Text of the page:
Scattered to the Winds?: Strengthening the National Historic Preservation Act’s Tribal Consultation Mandate to Protect Native American Sacred Sites in the Renewable Energy Development Era


  • Sarah A. Husk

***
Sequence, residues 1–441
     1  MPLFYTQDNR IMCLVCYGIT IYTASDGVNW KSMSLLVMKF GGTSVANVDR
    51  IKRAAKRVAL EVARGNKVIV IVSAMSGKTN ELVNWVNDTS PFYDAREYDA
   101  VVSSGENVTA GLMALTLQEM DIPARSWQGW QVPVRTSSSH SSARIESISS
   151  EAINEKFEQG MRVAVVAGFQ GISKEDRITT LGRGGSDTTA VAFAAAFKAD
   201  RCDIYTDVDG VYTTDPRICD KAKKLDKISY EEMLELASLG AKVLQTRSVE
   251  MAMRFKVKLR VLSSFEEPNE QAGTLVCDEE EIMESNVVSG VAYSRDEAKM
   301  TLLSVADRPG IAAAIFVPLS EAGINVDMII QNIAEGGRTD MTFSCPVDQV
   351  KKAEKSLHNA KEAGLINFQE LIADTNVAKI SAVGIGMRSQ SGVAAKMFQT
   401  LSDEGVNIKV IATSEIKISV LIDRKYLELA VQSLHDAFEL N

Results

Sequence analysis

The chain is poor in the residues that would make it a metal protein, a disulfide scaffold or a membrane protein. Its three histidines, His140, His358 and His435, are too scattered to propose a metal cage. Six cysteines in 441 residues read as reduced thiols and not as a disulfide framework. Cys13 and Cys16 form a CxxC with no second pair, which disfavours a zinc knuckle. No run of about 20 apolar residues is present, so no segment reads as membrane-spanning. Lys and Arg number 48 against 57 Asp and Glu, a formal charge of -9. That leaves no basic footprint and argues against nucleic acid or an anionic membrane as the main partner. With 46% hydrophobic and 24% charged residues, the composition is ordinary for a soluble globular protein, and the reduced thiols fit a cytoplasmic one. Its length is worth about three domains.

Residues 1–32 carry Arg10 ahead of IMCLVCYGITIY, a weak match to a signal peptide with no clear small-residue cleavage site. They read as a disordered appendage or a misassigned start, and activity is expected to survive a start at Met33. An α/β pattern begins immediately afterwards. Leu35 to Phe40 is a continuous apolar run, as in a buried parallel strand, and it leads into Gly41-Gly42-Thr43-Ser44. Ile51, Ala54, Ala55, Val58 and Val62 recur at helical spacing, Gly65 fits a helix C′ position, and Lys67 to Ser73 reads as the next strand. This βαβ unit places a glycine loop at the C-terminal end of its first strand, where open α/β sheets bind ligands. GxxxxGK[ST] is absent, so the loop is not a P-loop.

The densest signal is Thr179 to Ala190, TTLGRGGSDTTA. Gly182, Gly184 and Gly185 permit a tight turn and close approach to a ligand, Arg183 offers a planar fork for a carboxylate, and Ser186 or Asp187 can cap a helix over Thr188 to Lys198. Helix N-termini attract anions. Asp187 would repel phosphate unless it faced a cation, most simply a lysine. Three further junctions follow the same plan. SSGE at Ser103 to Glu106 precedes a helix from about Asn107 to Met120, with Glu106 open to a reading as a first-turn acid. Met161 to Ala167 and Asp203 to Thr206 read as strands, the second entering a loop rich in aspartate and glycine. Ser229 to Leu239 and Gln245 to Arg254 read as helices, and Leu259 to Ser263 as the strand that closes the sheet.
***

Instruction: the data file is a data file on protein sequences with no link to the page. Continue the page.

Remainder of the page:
As renewable energy development, and particularly wind energy development, ascends toprominence in the United States’ national energy agenda, significant attention has been paid todeveloping these resources on and adjacent to lands currently or ancestrally occupied by NativeAmerican Indian tribes. While many tribes have demonstrated eagerness to develop renewableenergy resources, including in partnership with private developers, conflict has emerged wheretribes have not been adequately consulted under mandatory review procedures such as thoseprovided for under the National Historic Preservation Act (NHPA). This Article argues that tribalcommunication and consultation requirements and procedures must be defined with greater clarityand specificity in order to adequately protect tribes’ most sacred resources in the face of surginginterest in renewable energy development on tribal lands, particularly given the legacy of colonialistexploitation perpetrated against Indigenous peoples and lands. Accordingly, this Article proposes torevise key provisions of the regulatory guidance at 36 C.F.R. § 800 to better promote meaningfultribal consultation and facilitate greater alignment between the legal frameworks that provideprotections for historic sites under the NHPA and the Indigenous knowledge systems that givemeaning to the resources that the law seeks to protect.